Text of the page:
VOD film review: Eye in the Sky
Mark Harrison | On 13, Aug 2016
Director: Gavin Hood
Cast: Helen Mirren, Alan Rickman, Barkhad Abdi, Aaron Paul, Phoebe Fox
War movies have been a staple of cinema since the very beginning and the recent rash of movies on the morality of modern warfare is symptomatic of global anxiety over how things have changed since the turn of the century. Still, it’s rare that one of these films is so committed to tackling the subject intellectually, as well as suspenseful.
Enter Eye In The Sky, a morality play about drone warfare, which is one of the thornier debating points of the 21st century and so creates ample stakes for a dialogue-heavy thriller. British Army Colonel Katharine Powell (Mirren) has received intelligence pinpointing the location of Susan Danford, a radicalised dissident whom she has been hunting for years, in a heavily populated shantytown in Nairobi.
Powell commands a multinational team dedicated to capturing the target, including US Air Force pilots Steve Watts (Paul) and Carrie Gershon (Fox), who control a drone orbiting over the shanty town, and Kenyan surveillance agent Jama Farah (Abdi) , who controls a insectothopter on the ground. Lieutenant General Frank Benson (Rickman) supervises from London, along with members of the British government.
But the stakes of the mission escalate exponentially, when their surveillance efforts reveal another, more imminent threat and muddies the rules of engagement. What ensues is a series of breakneck referrals up and down the chain of command, but with lives on the line for every minute that goes by, the success or failure of the mission may hinge on a local girl selling bread on a corner (Aisha Takow).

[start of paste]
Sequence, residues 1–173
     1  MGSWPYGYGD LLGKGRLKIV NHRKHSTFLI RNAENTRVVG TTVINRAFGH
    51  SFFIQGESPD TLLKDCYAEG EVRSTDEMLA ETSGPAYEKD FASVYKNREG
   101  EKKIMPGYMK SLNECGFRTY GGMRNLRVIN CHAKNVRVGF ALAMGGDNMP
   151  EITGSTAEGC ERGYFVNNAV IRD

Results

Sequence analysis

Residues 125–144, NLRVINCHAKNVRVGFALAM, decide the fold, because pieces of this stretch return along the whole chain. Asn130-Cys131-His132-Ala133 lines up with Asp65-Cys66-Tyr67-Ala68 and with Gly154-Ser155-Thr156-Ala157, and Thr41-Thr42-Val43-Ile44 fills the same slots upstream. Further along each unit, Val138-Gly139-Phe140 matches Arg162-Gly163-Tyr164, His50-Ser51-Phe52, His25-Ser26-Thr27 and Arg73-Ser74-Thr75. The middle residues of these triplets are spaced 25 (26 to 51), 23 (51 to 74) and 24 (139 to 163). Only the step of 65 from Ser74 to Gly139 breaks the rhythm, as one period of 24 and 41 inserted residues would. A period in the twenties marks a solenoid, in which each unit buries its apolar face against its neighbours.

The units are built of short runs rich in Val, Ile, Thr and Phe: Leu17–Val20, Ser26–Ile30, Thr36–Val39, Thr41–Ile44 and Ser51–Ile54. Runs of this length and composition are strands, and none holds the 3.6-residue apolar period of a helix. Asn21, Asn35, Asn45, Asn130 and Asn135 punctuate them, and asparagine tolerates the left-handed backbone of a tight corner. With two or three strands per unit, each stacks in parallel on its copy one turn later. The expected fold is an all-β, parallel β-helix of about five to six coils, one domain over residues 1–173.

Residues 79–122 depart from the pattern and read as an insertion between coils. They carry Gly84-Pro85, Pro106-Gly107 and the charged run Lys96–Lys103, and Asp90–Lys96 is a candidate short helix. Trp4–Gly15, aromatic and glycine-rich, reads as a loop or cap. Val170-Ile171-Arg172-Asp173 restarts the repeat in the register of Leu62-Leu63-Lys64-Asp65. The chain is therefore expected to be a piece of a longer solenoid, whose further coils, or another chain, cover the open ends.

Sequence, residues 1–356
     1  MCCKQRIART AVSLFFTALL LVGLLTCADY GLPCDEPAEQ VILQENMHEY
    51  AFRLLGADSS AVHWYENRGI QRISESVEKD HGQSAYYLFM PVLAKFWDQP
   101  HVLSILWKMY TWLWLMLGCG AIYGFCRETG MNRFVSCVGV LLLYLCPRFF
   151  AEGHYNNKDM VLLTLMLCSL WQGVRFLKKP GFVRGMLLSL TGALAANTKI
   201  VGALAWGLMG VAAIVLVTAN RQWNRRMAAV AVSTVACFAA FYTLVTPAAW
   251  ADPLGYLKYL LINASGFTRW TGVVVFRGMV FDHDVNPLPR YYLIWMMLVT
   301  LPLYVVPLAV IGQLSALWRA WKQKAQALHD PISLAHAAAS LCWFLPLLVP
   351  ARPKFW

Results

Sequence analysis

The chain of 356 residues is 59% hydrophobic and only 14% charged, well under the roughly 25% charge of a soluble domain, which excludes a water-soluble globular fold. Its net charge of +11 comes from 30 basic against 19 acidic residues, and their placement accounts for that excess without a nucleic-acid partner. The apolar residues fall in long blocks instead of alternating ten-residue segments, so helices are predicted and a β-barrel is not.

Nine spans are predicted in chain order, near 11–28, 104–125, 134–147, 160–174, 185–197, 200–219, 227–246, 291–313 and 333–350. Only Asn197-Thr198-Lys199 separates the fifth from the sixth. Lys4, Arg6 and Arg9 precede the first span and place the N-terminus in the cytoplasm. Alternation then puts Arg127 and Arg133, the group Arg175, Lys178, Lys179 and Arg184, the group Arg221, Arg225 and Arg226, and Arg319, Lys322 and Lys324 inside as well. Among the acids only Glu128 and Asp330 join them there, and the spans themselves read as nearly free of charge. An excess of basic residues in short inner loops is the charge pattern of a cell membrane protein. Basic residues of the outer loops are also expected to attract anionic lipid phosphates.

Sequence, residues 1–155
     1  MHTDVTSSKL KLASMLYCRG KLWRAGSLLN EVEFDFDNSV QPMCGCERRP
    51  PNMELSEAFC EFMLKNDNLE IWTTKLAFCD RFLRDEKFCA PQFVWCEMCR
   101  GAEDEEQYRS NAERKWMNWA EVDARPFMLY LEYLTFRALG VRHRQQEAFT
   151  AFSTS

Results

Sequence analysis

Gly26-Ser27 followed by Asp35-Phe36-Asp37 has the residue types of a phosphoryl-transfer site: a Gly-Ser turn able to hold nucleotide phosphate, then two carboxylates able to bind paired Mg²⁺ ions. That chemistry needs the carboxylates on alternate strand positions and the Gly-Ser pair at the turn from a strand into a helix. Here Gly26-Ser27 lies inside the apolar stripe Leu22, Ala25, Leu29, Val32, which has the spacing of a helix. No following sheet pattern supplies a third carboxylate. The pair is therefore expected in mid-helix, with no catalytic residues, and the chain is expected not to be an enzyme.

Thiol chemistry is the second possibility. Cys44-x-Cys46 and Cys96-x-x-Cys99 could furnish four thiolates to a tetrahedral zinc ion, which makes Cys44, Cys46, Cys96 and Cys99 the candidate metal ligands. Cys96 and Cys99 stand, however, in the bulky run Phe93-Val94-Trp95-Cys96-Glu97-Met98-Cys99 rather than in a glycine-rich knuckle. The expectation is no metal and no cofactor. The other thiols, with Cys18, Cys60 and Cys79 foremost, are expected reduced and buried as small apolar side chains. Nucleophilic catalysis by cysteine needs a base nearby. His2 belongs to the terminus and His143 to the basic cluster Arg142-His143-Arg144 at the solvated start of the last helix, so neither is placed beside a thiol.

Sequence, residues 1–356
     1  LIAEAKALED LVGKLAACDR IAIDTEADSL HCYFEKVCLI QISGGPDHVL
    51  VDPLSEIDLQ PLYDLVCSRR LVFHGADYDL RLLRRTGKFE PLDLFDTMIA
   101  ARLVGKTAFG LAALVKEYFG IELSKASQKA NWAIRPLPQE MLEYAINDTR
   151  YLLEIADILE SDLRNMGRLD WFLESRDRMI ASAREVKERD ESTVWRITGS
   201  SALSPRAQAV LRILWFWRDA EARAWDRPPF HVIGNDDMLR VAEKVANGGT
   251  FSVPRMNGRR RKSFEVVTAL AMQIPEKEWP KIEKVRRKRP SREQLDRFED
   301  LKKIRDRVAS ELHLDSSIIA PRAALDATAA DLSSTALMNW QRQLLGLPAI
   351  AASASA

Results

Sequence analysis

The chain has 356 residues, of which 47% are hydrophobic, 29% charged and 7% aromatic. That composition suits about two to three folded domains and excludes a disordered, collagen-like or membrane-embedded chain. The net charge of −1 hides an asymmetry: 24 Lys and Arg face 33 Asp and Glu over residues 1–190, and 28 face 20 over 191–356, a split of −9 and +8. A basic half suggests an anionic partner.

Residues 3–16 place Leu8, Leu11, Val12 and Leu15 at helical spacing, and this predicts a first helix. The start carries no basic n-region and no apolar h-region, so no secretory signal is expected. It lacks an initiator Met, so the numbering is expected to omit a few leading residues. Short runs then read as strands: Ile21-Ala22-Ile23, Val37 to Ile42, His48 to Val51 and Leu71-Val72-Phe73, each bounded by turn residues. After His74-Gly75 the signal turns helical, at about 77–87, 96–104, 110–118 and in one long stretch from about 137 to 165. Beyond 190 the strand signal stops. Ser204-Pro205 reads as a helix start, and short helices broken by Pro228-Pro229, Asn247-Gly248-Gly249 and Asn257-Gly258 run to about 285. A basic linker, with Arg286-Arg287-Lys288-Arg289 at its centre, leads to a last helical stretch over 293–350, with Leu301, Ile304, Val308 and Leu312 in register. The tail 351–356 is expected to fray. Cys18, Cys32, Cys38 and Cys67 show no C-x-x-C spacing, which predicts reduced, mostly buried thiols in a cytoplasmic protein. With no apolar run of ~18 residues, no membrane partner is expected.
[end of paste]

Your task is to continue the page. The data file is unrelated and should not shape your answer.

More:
Guy Hibbert’s script is much heavier on dialogue than on action, but it’s hard to think of another film in the last 12 months that has so effortlessly raised viewers’ heart rates. There’s a precedent for this kind of dialogue-heavy play coming across as a little theatrical, but director Gavin Hood keeps the big screen squarely in his sights; seldom has a morality play looked or felt so much like an action thriller.
Compared to something like 2014’s War Book, a film about a protocol-setting war game between British civil servants (and also starred Fox, funnily enough), this is a truly cinematic talkie – the stakes are real, so the discourse is accordingly more weighty and urgent.
The casting is a huge boon, too, as Hood marshals waves of seasoned performers, such as Mirren and the late, great Rickman, and inexperienced (for the story’s purposes, at least) players, like the superb Abdi and Paul, the latter of whom finally gets a worthy post-Breaking Bad movie role, as the man with his finger on the trigger. The film’s timbre is closer to 12 Angry Men than The Hurt Locker, and the performances are vital to giving it the gravitas required.
There are a couple of moments of gallows humour to leaven the politically charged drama, some of which are more effective than others. There’s an unexpected bit of toilet humour that humanises a character played by Iain Glen, which sticks out like a sore thumb, but a brief interlude involving the nonplussed US Secretary of State feels masterfully satirical. Hood doesn’t turn the screws for the whole 100 minutes, but the film is no less taut in the end.
Eye In The Sky boils down to actors in uniform talking to each other on phones or on the Internet, but somehow, it’s one of the most provocative thrillers of the year. It’s pleasingly complex from the off and doesn’t find any easy answers, as it should be, and the overall effect of Hibbert’s well-chosen words and Hood’s sure direction is both haunting and memorable.